Fresno Fire Station No. 3 has turned 75. Judging by looks, the city's oldest fire house could have another 75 years in it.
The two-story station on the southeast corner of Fresno and E streets near downtown was dedicated on May 6, 1939. But the first day of full staffing wasn't until May 7.
Fire Department officials on Wednesday didn't make a big deal of the 75th anniversary of the station's opening. For one thing, they didn't have time. Station No. 3 is the city's busiest, with some 4,000 calls for service per year.
But the city's firefighters are proud of the facility.
"Station 3 is part of our department's DNA," Chief Kerri Donis said. "There has been a fire station at that corner of Fresno since our department began in 1877. It serves as a great reminder of our department's courageous history and rich tradition."
Added department spokesman Koby Johns: "It's a great building. It's one of those things Fresno did right."
Construction on the site's current station began in August 1938. The cost was $85,000. The city came up with $46,750 and the federal Public Works Administration funded the rest.
The Bee reported on May 7, 1939 that the previous day's dedication ceremony drew an estimated 250 fire chiefs from throughout the state.
"Declared to incorporate some of the newest innovations in fire department headquarters, the new plant includes a new fire house, drill yard, shop buildings and storage facilities," The Bee reported.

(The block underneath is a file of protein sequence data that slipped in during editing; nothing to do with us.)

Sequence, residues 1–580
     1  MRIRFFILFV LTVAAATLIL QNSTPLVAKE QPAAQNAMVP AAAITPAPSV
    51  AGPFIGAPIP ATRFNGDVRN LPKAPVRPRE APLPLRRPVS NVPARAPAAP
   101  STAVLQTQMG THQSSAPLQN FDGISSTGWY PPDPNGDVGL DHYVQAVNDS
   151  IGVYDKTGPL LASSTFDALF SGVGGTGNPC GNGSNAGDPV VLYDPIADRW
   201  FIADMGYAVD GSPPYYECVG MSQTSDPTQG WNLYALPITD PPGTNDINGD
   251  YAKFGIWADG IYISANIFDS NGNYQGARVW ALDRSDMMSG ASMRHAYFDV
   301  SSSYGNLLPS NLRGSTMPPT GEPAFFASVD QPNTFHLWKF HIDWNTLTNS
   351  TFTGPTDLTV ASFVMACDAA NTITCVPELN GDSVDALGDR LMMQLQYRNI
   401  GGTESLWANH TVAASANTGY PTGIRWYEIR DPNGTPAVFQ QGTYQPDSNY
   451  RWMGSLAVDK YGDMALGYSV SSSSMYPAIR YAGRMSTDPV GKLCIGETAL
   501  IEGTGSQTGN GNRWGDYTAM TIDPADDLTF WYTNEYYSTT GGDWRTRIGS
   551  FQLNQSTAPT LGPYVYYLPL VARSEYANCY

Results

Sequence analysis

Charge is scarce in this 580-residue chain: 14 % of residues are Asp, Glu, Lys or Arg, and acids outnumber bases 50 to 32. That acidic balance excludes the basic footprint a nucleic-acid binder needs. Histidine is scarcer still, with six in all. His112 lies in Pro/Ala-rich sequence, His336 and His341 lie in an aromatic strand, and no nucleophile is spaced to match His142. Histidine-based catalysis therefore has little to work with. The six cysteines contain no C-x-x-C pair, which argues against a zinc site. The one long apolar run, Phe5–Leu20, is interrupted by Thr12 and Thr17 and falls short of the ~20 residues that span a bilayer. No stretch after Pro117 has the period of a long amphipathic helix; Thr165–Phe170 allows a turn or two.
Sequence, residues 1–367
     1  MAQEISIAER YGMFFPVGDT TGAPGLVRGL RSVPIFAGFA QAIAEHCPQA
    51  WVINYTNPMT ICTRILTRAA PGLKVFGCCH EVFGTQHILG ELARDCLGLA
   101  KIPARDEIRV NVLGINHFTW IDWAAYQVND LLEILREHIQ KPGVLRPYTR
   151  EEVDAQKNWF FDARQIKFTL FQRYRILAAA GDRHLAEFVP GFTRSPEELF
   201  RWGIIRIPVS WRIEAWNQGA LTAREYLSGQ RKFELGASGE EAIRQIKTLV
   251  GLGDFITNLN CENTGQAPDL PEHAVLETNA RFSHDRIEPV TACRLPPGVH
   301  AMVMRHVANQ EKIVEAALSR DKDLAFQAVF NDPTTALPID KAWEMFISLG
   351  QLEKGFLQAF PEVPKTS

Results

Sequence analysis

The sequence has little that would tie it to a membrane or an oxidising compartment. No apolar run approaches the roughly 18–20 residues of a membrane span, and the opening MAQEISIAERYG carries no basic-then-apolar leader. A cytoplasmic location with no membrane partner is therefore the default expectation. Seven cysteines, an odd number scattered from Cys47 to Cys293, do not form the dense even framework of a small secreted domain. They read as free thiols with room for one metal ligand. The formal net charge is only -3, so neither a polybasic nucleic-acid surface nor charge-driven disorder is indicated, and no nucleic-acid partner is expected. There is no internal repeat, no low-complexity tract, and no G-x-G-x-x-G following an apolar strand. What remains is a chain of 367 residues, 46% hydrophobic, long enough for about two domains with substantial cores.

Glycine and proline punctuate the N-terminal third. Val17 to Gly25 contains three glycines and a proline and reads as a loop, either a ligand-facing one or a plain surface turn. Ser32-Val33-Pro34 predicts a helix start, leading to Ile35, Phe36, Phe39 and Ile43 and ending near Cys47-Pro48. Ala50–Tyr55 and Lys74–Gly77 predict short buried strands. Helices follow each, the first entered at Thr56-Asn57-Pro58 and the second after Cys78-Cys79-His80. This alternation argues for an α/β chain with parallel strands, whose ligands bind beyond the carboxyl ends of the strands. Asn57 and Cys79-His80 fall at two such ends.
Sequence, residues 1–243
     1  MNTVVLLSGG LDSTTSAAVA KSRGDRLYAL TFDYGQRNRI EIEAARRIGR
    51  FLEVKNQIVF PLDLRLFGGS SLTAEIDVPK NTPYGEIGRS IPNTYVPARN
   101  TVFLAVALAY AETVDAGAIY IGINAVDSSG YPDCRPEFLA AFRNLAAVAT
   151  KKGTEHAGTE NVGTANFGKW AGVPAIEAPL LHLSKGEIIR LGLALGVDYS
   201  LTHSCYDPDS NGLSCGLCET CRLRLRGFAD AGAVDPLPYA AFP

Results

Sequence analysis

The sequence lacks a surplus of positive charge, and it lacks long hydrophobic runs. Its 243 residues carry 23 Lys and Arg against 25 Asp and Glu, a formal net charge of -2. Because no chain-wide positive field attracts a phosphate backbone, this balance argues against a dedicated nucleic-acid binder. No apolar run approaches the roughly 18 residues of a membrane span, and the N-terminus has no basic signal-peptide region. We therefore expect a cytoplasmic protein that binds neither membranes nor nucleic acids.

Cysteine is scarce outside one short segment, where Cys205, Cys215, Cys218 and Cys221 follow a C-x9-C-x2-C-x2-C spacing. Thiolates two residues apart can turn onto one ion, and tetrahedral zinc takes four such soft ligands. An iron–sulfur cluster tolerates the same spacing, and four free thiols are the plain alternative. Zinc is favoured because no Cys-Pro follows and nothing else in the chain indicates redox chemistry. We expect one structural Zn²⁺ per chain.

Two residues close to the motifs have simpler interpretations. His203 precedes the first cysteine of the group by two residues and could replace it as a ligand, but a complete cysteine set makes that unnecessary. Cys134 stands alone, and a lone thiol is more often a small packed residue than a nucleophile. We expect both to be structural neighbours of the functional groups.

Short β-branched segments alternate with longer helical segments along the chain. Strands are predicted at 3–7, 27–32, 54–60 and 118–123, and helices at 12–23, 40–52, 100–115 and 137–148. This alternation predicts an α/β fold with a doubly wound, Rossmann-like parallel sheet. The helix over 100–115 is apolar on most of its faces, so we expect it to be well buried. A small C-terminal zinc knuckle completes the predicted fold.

There was a photo of fireman Louis Devecchio at work in the kitchen. Another photo had fireman Peter Masoian shaving in the bathroom.
After listing the station's operational advances, The Bee noted: "Still present, because, as Chief W.R. Williams explains, nothing better has been invented, are the proverbial brass poles down which firemen will slide from living quarters above."
A tour conducted by Johns shows a station that in key ways has kept pace with the times. Typewriters for daily reports are gone, replaced by computers. The kitchen has a modern oven/range. The gym features the latest exercise equipment.
The firefighters of 1939 would be stunned by the fire engine that now responds to calls for help.
But much of Station 3 remains unchanged. The on-duty captain still has private quarters next to the station office. The kitchen table is still graced by a "chow journal" where firefighters keep track of purchases. The bathroom's sinks and tile floors are original.
The station's back lot is a training center and maintenance yard.
Firefighting crews these days have females as well as males. Station 3's four-person crew works 48 straight hours. Johns said privacy in a Depression-era building functions on common sense. There are sleeping quarters on the ground floor to complement the second-story dormitory. An "occupied" sign on the bathroom's closed door says it all.
Best of all, the brass pole remains pivotal. Actually there are four: next to the captain's quarters, the exercise room, the dormitory and between the bathroom and locker room.
An alarm sounded during Johns' tour. In a heartbeat, two firefighters doing paperwork in the office had dropped everything and were sliding down the nearest pole.
"This building isn't going anywhere," Johns said. "It works really well."
The reporter can be reached at (559) 441-6272 or email@example.com. Read his City Beat blog at fresnobee.com/city-beat.